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HISTORY OF THE RC PARISH of PENZANCE.

POST REFORMATION CORNWALL

Like the rest of England, Penzance was drawn into the nation-wide effects of the Reformation. Under Henry VIII, and then later Elizabeth, the local churches became a part of the established Church of England. But, down in the far west, it was not a smooth transition.

In the reign of King Henry VIII, as well as the better known Northern Rising against the religious "reforms" of the king, there was a plot in 1538, known as the St. Keverne Plot, which resulted in the death of Henry Courtenay, the Marquis of Exeter. The ordinary Cornish people in this village on the Lizard were upset at the changes in religion, and rose under a banner of the five wounds of Christ.

This was merely a prelude for a far more serious rising during his son, Edward VI's reign - the Prayer Book or Western Rebellion of 1549. Disgusted by the "Christmas Games" and the English of the new Protestant Prayer Book, they gathered strength on their march through Cornwall and Devon. They reached the city of Exeter, to which they laid siege. It was ruthlessly put down by the Duke of Bedford, with terrible suffering and loss of life through the county.

The first martyrdom of a seminary priest returning from the English Colleges abroad in Douay, Rome and Valladolid was in Cornwall. St. Cuthbert Mayne was a man from Devon, ordained into the Anglican ministry, a convert while at Oxford, he studied and was ordained a Catholic priest at Douay. He came to bring the old Mass and the sacraments to the people of Cornwall. From his base with Francis Tregian at Golden Manor, near Tregony, he travelled far and wide to small groups who wanted to retain the "old religion". He was eventually caught up with at Golden and taken to Launceston Castle; after a long and uncertain trial he was found guilty of high treason and hanged, drawn and quartered in the market square at Launceston on November 30th 1577.

At the time of Cuthbert Mayne, the authorities rounded up many of the leading Catholics in the county. Among others were Francis Tregian, for 21 years in the Fleet Prison in London before being exiled to Lisbon where he was looked upon by the locals as a saint. His son, also Francis, followed him to the Fleet Prison; there he made good use of his time by copying out a collection of old-English music now highly valued as the Fitzwilliam Virginal Book. Another Cornishman, Nicholas Roscarrock, was also imprisoned in the Fleet and then the Tower; he gathered together a catalogue of British saints, in particular the saints of Cornwall. The effect of this fierce persecution was to very nearly stamp out Catholicism for good.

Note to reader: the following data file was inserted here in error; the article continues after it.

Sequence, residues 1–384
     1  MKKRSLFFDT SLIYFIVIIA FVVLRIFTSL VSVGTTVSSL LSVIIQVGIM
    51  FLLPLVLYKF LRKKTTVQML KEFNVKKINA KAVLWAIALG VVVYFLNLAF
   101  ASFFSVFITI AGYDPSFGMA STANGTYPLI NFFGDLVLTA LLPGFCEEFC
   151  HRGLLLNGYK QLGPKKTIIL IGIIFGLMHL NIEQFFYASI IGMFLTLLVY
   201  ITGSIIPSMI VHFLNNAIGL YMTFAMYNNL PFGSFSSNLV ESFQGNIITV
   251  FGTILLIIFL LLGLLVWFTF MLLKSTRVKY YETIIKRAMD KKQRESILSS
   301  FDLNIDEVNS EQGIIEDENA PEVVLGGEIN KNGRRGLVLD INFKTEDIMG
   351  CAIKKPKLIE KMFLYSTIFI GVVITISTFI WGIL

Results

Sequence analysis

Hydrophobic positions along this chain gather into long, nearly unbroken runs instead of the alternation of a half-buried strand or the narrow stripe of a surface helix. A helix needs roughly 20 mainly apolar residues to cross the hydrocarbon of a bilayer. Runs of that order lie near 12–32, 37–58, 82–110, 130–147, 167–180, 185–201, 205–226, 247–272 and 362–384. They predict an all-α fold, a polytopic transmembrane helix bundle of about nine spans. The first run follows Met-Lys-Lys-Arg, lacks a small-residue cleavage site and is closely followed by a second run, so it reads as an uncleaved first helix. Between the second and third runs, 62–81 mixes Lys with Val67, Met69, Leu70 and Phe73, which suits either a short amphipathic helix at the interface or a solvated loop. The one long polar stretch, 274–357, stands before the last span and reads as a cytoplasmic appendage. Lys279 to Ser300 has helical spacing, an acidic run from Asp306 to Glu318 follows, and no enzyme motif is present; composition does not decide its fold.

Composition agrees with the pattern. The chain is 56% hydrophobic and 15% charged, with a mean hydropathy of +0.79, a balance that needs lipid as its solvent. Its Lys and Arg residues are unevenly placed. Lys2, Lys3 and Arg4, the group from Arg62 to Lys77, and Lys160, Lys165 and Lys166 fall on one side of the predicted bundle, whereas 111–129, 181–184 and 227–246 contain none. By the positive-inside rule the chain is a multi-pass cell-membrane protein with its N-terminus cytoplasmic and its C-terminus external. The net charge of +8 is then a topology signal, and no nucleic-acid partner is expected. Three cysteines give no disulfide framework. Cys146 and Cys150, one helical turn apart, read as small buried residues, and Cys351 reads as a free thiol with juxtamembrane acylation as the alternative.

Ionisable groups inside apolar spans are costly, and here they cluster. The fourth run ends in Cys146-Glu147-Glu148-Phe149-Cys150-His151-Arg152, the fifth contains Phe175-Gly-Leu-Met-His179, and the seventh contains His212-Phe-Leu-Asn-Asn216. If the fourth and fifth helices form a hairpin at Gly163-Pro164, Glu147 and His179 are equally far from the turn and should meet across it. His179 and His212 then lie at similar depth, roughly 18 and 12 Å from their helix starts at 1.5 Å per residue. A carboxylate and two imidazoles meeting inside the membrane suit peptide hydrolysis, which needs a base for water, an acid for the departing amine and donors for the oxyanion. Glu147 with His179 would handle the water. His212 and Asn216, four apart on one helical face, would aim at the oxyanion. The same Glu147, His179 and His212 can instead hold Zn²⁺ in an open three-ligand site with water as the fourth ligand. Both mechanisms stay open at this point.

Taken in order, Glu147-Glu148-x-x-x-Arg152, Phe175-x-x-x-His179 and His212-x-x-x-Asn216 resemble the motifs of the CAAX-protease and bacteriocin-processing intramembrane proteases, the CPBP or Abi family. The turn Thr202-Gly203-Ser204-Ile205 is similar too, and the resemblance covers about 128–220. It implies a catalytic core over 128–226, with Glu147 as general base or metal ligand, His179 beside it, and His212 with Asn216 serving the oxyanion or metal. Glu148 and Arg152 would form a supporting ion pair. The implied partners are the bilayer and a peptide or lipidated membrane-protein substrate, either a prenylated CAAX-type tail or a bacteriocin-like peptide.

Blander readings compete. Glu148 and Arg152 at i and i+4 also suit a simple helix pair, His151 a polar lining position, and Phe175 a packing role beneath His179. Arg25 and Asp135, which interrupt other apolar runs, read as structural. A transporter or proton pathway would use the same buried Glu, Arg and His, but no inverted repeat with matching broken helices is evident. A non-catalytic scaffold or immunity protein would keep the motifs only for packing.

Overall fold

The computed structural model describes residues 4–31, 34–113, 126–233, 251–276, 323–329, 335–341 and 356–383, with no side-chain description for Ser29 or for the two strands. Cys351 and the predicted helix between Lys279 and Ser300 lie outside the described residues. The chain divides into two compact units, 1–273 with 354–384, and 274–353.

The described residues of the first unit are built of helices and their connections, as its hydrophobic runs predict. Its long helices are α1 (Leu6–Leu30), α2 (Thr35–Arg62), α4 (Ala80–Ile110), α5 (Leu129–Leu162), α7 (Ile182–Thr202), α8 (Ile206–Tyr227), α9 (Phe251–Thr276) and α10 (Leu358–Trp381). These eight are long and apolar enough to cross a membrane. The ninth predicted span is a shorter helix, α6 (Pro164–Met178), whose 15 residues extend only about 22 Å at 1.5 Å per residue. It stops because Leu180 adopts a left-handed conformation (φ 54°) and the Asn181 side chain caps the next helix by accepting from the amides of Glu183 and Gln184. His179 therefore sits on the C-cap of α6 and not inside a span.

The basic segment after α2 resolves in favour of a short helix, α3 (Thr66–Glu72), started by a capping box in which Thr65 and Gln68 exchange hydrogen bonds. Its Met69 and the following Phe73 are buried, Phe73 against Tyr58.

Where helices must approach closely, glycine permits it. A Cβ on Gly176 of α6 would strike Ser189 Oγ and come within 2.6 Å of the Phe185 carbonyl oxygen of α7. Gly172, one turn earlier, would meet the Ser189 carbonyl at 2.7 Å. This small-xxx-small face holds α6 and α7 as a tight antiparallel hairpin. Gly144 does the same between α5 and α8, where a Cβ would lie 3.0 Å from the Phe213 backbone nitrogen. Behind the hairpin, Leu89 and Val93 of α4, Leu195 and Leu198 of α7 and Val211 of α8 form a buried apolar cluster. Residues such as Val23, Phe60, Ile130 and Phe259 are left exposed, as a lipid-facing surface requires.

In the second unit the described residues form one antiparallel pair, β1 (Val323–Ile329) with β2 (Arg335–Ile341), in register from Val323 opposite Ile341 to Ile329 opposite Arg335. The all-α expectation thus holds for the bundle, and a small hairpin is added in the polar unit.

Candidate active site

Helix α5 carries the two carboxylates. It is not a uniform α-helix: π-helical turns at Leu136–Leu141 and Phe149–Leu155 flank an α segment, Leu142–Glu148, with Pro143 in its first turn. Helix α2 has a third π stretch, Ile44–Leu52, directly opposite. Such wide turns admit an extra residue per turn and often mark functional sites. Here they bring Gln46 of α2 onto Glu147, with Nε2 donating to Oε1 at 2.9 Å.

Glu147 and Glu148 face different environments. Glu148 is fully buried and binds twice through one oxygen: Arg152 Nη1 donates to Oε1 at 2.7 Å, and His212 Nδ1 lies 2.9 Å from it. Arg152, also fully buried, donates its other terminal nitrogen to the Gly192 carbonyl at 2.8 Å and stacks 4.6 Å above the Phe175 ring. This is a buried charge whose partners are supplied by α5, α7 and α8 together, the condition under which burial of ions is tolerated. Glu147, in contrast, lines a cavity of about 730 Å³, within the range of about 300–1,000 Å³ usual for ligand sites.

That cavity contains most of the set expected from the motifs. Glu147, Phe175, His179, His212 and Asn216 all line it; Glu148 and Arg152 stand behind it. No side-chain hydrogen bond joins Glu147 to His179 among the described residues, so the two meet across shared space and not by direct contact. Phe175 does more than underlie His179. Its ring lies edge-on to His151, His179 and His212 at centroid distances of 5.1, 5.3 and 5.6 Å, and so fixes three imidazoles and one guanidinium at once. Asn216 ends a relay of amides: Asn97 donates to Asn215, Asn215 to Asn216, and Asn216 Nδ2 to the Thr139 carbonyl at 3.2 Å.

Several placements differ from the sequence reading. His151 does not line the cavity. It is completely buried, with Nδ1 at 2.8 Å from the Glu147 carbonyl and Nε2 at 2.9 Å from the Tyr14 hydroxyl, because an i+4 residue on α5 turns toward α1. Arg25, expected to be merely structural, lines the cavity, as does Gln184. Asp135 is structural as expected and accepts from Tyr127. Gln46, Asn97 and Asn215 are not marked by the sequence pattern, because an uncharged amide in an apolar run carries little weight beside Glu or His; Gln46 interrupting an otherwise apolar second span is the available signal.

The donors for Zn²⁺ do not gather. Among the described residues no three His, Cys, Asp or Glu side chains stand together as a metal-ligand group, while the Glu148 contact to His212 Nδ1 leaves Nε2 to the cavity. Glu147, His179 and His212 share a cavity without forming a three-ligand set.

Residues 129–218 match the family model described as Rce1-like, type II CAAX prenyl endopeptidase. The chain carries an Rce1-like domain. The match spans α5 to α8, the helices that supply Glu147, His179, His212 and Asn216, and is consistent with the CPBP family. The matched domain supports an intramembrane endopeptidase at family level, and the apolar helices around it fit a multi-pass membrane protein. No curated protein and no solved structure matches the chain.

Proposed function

In Cornwall there were very few recusants or Catholics during the penal times, as in some other counties like Lancashire. The old Arundell manor at Lanherne, even though many of the family had moved eastwards to Wardour and Chideock, was able to support a priest for the few brave people in that part of Cornwall. The Couche family at Tolfrey House, near Fowey, also were able to keep a priest during the 18th century. A List of Papists in 1767 reported that in the whole of Cornwall there were only 56 Catholics None of these was anywhere near Penzance and the west of the county.

We have no evidence at all that there were any Catholics in the Penzance area from the Reformation until we hear there were "in the year 1837 several Irish travellers and labourers in and around Penzance." Why were they there? Was it to work in the new attempt to open tip the Wherry tin mine in 1836 or some of the other tin mines of Penwith? There was a priest at Falmouth (since a mission had been started in 1805); but it was too far away for him to be of practical use in supplying the religious needs of this new grouping in Penzance. So, we read that "they induced the Rev. William Ivers to minister to them in their midst: but, after a few weeks, the failure of funds compelled him to abandon the attempt."

created 29th October 2004 - last  revised 3rd March, 2010 v1.01 -

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